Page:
Out of the Narrows: The Artists’ Haggadah:A Visual Midrash $27.20 Save:$5.00(15%)
  • ISBN-13: 9798765501603
  • Publisher: Barnes & Noble Press
  • Publication date: 12/27/2021
  • Edition description: Revision 12/12/2021 ed.
  • Pages: 146
  • Sales rank: 107,331
  • Product dimensions: 8.00(w) x 10.00(h) x 0.38(d)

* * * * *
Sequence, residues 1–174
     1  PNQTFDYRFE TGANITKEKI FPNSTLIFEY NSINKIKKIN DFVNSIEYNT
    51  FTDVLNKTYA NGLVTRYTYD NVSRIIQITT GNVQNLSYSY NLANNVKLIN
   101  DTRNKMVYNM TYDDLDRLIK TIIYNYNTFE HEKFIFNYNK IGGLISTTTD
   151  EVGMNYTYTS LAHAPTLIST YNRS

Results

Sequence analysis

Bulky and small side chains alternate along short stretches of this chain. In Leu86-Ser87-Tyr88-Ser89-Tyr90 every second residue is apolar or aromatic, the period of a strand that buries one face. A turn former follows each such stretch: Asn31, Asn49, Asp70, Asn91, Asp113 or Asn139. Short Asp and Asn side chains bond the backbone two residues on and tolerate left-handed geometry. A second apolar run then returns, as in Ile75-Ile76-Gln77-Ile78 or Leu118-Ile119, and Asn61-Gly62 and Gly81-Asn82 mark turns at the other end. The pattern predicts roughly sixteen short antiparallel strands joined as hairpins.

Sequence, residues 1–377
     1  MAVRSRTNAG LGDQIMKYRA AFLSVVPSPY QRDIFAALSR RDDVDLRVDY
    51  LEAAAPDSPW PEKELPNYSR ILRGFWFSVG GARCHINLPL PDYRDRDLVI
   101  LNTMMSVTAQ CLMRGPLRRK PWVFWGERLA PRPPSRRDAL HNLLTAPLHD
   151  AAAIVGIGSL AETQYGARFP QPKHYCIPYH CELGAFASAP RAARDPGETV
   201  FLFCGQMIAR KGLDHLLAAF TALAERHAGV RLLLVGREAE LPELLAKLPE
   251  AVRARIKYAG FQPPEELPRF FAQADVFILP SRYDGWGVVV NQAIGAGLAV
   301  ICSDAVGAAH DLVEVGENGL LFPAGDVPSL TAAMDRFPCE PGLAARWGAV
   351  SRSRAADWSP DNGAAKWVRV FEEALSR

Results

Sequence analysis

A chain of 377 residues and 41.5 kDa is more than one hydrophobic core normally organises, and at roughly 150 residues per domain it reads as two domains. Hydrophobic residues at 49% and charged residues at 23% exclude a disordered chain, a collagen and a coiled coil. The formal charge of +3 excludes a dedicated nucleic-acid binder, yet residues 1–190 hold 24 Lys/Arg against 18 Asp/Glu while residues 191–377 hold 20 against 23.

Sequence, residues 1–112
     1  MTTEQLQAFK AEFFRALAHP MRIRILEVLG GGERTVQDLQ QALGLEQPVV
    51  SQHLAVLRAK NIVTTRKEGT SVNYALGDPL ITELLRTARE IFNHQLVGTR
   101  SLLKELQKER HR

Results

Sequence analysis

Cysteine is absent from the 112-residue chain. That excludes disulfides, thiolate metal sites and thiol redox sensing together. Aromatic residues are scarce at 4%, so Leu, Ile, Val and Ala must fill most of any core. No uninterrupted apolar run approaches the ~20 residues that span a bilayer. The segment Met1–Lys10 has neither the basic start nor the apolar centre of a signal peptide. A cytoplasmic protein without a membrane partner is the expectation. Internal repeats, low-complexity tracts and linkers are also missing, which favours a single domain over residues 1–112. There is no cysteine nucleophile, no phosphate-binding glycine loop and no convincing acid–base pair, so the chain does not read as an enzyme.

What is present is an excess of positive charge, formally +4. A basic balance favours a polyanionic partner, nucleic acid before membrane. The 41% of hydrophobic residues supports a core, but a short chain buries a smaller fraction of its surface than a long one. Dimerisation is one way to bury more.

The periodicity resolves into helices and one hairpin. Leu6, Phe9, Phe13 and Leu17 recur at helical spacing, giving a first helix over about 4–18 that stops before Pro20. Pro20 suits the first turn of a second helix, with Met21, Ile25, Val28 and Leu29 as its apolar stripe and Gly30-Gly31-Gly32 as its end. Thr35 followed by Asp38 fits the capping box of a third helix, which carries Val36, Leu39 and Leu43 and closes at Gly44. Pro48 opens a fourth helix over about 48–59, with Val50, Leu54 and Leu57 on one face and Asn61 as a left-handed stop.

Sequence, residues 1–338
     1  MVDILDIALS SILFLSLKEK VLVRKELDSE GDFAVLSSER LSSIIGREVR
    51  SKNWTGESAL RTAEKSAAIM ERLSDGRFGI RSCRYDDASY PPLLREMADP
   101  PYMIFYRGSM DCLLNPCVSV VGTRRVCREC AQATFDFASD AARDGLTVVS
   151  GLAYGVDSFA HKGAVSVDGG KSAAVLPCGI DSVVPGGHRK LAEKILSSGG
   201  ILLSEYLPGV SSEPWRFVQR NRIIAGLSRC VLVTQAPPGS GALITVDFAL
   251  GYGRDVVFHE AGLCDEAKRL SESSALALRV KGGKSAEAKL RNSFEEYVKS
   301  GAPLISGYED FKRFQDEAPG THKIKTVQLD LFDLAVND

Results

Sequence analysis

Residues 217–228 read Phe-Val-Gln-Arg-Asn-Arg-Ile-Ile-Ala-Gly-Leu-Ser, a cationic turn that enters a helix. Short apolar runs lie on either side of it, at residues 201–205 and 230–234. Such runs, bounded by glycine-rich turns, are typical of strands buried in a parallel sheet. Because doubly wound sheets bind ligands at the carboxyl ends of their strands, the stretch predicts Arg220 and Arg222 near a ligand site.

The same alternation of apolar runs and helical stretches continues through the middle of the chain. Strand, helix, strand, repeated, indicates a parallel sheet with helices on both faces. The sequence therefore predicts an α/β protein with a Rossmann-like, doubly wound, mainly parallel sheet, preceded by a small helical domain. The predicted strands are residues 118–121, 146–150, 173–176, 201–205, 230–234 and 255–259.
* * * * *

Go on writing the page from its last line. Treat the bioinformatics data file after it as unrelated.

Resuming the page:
• Out of the Narrows: The Artists Haggadah was created during the modern plague of our time, Covid-19, which necessitated celebrating a socially distanced Passover. We created a text rich in meaning and beauty, one that would engage visually and thematically and evoke in-depth discussions at next year’s Seder. Out of the Narrows is a complete Passover Haggadah with the Passover Seder in Hebrew, transliteration, and English, including all steps of the ceremony, rituals, prayers, liturgy, and commentary. It is also a Fine Arts book with art as commentary, featuring artwork by 11 members of Jewish Artist Collective Chicago (JACC)— a community of multidisciplinary artists connected through common heritage and committed to sharing ideas, enriching practices, and creating dialogue with community. In the winter of 2019, we heard rumors about a contemporary plague, how a virus emerging from China began moving swiftly westward. Around Purim, it arrived on our shores full force, steamrolling communities, families, jobs, and businesses. Schools closed, shelter-in-place orders were issued, and masks, hand sanitizer, and gloves became precious commodities. And while the virus affected everyone, it tore through communities of color with breathtaking devastation, compounding the issues of social injustice the nation was already struggling with: family separations at the border, racism, police violence in the streets, extremist stirrings, and the doomsday clock of global warming inching ever forward. What a narrow and constricting place the world began to feel like. By the time Passover arrived in mid-April, the virus was in full force, so we commemorated our defining narrative COVID-19-style, and in the manner we are told the Israelites themselves did: each family alone, under the darkness of turmoil and threat. But if the Israelites performed their first acts of liberation and deliverance in darkness, behind doors swabbed with lamb’s blood to throw off the Angel of Death, 2020 Jews in America and Europe lived politically and socially liberated lifestyles. Sheltering in place, we were still free to prepare more than the requisite unleavened bread as we sat down to our Seder tables. We could light candles and fill the Seder plate, prepare holiday foods, enact the fifteen steps. True, the pandemic disrupted the celebratory atmosphere: beloved faces in pixilated form popping up on screens could not replace the embraces we craved, the warmth of crowding a table to observe the holiday together. But like generations before us, we enacted the Seder regardless, opening our Haggadot and following instructions to wash and to break, to bless and to praise, to recite and to sing. We dipped twice and made Hillel Sandwiches, counted drops of wine to account for ten terrible plagues, asked questions and responded, and discussed freedom, slavery, and redemption. In effect, we told the story anyway, because that is what Passover demands of us: to tell the story to our children. And because everything about the Passover Seder is connected to a memory, enacting the Seder becomes a memory feast. The Haggadah text requires us to ask questions. But the year that the world was undone by a virus, we asked even more. What does it mean to celebrate Passover in a pandemic? As artists, our job is to witness, comment, and create. How does art help make sense of the Passover story? How do its elements reflect on the plagues of disease, death, and injustice that still exist? How do we praise God when the world is broken and millions continue to suffer? But what is more diametrically opposed to the celebration of freedom and redemption–the becoming of who we are–than living in lockdown, figurative lamb’s blood smearing the doors of the quarantined?

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